According to George’s novella of a text message sent out to all residents, Angus was a skilled craftsman who owned a woodworking business. He and his wife had separated, and he just needed a quiet place to call home for a while. Something off the beaten path with a slow pace of life so he could “find himself”. This “need a fresh start” story wasn’t unique, and was the same reason a lot of folks ended up at the Farm: job loss, illness, divorce. But everyone took one look at Angus and his total lack of pride, plus the rapid importation of man crap, and translated George’s poetic message into something more along the lines of “Wife kicked him out, broke on his ass.”

Copyright © 2020 J.J. West. Campfire Tales.
All Rights Reserved.

Goat on the Roof

As the snow melted and the ground thawed, the Farm’s womenfolk had gathered around the wood stove more than once for garden meetings, chattering excitedly about what they planned to grow and sow that coming summer. Some wanted to get chickens and horses, too. Maybe some goats. They wanted to turn George Mooney’s old cattle ranch into a real working farm.

Summer arrived. A lone woman with a shovel stood by the garden gate one Saturday morning waiting for her gal pals, but nobody showed up. Not then, or ever. George always felt it was an honor to allow folks the privilege of experiencing life on an old country farm, but so few ever did a damn thing to help out more than once. How he managed to cherry-pick the laziest of people averse to any sort of physical labor remained a running curiosity, and with Claire, he’d really hit bottom.

Claire was dumber than a box of rocks and so big she couldn’t jump to a conclusion – she weighed nearly three hundred pounds and had an obvious penchant for pot and pig fat. After she’d moved in, folks noticed that it wasn’t just her constant cooking smells permeating the Newerish side of the house: the lingering scent of marijuana now hung in the air as well, identified as “rank Spokanistan locoweed” by one of the other residents who emphatically plugged his nose in repulsion every time he walked into the house.

Complaints were made and a group message was sent out by George reminding everyone that this wasn’t Washington state. Pot was illegal in Idaho and therefore not permitted on the Farm. Claire denied any wrongdoing and told George she was only burning incense and sage while she did yoga. If Claire did yoga, then she must have been a master of Corpse Pose, sprawled in a lifeless state across her bed under a thick cloud of smoke, poised to do absolutely nothing.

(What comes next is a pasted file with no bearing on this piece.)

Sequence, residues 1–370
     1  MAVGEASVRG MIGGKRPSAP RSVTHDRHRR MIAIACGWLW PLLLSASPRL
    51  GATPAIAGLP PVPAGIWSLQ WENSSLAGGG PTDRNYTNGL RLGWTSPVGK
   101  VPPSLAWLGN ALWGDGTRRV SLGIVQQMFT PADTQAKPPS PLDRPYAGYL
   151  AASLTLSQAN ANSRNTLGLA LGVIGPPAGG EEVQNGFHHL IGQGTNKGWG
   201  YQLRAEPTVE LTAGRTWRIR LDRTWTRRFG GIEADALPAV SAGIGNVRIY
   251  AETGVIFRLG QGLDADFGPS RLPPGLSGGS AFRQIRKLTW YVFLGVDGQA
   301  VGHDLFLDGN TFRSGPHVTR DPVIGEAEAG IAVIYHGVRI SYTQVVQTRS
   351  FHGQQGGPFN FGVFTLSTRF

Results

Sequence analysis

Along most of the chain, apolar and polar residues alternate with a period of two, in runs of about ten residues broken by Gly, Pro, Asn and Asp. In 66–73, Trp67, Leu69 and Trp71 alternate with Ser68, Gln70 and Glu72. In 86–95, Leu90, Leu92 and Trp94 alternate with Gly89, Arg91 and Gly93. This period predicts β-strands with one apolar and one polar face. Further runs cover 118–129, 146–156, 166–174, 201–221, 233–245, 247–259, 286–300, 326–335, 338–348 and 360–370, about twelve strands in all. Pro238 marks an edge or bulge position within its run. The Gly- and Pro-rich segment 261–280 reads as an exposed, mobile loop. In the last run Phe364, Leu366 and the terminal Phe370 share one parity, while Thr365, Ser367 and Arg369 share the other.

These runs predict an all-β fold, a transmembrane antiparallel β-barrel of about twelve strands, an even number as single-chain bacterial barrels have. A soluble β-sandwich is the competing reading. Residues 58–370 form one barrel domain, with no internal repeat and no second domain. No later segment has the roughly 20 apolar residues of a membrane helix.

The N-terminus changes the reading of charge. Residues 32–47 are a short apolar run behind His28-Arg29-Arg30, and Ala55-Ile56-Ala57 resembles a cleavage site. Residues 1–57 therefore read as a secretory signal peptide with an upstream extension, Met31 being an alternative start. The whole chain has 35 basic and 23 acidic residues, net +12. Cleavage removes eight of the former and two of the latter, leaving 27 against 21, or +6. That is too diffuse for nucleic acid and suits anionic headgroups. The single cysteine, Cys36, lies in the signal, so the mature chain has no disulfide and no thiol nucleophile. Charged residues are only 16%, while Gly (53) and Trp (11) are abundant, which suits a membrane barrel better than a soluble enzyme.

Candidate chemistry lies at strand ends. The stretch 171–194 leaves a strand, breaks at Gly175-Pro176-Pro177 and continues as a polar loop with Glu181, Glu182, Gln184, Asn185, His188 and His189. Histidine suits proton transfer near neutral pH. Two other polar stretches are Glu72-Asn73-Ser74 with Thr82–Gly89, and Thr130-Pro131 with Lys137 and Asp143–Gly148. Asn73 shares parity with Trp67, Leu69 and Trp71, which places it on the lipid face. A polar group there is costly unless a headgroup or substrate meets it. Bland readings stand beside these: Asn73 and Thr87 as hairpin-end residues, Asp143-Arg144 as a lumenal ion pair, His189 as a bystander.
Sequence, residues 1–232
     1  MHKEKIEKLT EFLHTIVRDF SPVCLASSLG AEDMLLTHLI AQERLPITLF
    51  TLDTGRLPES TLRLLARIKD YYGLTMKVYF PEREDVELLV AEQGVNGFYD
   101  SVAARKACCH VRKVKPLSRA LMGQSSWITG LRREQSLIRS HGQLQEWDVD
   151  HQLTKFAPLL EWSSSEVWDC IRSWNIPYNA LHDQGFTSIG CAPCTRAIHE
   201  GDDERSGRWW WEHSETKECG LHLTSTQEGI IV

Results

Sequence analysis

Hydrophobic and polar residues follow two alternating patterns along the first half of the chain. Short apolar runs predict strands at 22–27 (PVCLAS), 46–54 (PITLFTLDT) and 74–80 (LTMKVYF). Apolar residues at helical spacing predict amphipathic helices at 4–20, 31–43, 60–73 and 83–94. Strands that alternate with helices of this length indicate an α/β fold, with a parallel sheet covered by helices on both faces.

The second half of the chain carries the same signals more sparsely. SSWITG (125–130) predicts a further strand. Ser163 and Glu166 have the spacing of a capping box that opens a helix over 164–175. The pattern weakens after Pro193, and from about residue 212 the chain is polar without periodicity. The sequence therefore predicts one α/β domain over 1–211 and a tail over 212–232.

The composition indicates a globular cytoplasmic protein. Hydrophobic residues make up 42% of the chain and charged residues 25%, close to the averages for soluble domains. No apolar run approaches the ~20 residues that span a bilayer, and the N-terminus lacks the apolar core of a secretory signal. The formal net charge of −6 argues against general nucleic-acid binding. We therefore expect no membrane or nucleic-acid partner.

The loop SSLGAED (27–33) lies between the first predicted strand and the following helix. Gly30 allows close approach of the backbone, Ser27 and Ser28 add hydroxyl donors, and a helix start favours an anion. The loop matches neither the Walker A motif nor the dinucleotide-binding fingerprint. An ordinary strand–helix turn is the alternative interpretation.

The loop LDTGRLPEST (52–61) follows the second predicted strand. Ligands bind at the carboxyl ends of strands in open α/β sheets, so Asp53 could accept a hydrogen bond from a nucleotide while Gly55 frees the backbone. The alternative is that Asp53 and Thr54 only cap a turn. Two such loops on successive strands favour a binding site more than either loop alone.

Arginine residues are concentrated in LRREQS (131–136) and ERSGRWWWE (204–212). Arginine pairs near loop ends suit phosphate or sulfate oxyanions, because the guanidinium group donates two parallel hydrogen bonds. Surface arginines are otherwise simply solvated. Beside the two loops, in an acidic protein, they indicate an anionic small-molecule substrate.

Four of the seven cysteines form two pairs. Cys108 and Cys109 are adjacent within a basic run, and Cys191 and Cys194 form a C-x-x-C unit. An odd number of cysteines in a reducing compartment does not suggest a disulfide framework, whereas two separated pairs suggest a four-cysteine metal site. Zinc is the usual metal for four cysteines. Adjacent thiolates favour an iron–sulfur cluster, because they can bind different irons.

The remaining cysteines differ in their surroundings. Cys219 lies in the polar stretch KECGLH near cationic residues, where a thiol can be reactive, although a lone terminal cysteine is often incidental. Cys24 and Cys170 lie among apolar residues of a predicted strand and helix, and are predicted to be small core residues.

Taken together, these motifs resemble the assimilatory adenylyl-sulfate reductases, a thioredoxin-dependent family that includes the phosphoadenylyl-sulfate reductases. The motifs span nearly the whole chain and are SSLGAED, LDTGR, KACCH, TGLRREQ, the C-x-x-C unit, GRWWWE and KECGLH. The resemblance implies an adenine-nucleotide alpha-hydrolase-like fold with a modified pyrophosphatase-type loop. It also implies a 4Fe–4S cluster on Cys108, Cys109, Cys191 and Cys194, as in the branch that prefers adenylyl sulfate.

Copyright © 2020 J.J. West. Campfire Tales.
All Rights Reserved.

Cuckoo’s Nest: A Woman’s Touch

What is a woman to do when her own home is a cluttered train wreck and she has absolutely nothing to do with her days? Why, head over to her ex-husband’s house to give it a woman’s touch, of course. Gabriella can’t help herself, as she considers George to be an idiot who needs a supreme caretaker, and relishes in the opportunity to supervise his life and control his dealings, along with all of his stuff. This would be fine and dandy if it only affected George, but ever since he opened his front door far and wide to anyone needing a cheap place to stay, Gabriella’s meddling affects everyone else too. Every time her car is seen coming up the driveway a communal cringe occurs, with the initial thought generally being “Oh dear God, what is she going to fuck with this time?”

Growing envious of George’s ongoing success as a slumlord, Gabriella decided to try her hand at becoming a slumlady just the same by renting out the spare bedroom in her home, one that only the most desperate of drifters might consider. Though Gabriella’s house was described as a cluttered train wreck, that might be an insult to clutter and train wrecks everywhere. Showings took place, and word quickly spread throughout the rental community’s gossip mill that the following features were noticed.

The room for rent was upstairs, which was in fact just one big crap collection area, or “storage”, as Gabriella called it. Picture a living space approximately thirty feet long by twenty feet wide, boxes piled four and five high throughout, with a pathway running down the middle leading to a bed at the far end of the room. The bed had been cleared for use, as evidenced by the boxes surrounding the bed reaching up to the ceiling. There was a closet, but it was packed with more treasures. As any prospective tenant would be needing some space for clothes and personal belongings, a small chest was graciously fitted under one of the stacks of boxes, and a portable hotel clothes bar some two feet wide was wedged into a small opening.

Copyright © 2020 J.J. West. Campfire Tales.
All Rights Reserved.